Maybe this is interesting, but is it useful? Our current gold-standard therapies still fail to treat almost half of patients with anxiety and depression. A better understanding of how psychological therapy works could help us understand why it works for some, but not others.

One futuristic-sounding idea is to match patients to the right treatment using brain scans. For example, some research suggests that a patient’s brain activity can predict which treatment they are most likely to respond to. So, an MRI scan could tell us whether an individual patient would be a better candidate for mindfulness-based therapy, or selective serotonin reuptake inhibitors. (Note brain scans are costly, but they are certainly less expensive than a long course of therapy for someone who would not benefit.)

There’s another potential benefit to knowing how therapy affects the brain. Scientists are using this information to develop augmentations— add-on interventions to enhance the brain effects of therapy. This could be another route toward improving therapy’s effectiveness. For example, brain stimulation has been used before or during therapy sessions to boost the function of regions of the brain known to be involved in therapy (some of these combinations have worked, some haven’t). And rather than simply combining long-term medication with psychological therapy, new drug approaches are using single doses of medication given just before a therapy session to enhance the effects of that particular session. For example, a number of studies report that combining exposure therapy with drugs that target the NMDA receptor to facilitate fear extinction is more effective than exposure therapy alone. 

Capitalising on what we know about therapy’s biological mechanisms could give new combination treatments a leg-up. In a recent paper, we found that short-term augmentations delivered before, during, or after various different types of therapy sessions improved response compared to non-augmented therapy. Some augmentations were particularly powerful – psychedelics and related drugs had a large effect on psychological therapy outcomes (a topic also explored in a recent Welldoing article). This could be a targeted way of improving therapeutic responses by finding the right combinations of therapies and augmentations.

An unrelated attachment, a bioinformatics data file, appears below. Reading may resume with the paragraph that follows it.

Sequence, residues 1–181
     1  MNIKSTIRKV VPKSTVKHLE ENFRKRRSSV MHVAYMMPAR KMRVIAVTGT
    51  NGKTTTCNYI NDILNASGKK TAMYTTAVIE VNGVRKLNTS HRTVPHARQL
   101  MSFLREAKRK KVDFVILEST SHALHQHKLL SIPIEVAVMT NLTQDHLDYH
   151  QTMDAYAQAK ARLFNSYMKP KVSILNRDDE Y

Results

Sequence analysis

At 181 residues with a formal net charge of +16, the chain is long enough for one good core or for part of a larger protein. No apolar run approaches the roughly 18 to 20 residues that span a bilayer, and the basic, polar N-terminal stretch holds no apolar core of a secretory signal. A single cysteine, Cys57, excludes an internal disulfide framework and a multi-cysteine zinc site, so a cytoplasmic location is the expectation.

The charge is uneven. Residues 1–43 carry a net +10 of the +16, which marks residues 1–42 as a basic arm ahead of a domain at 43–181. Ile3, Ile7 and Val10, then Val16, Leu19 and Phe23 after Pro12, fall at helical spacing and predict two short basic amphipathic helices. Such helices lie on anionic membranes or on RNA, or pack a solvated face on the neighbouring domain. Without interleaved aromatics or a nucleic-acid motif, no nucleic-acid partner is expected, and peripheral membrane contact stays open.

Could timing therapeutic sessions with your circadian rhythm harness what we know about the interactions between circadian rhythm and the brain’s learning system? Or what about scheduling therapy sessions immediately after exercise, which is also known to have effects on neuroplasticity? 

These and other augmentations are still in development, and neuroscience has a long way to go to make this possible—but it starts with understanding the crucial role of the brain in therapy.

Dr Camilla Nord is the author of The Balanced Brain: The Science of Mental Health

Further reading

Depression isn't caused by low serotonin: so, do we ditch antidepressants?

The psychology of willpower: Why good intentions aren't good enough for the brain

4 ways to protect your brain health throughout your life

The neuroscience of emotions

Why therapy is more than just a safe space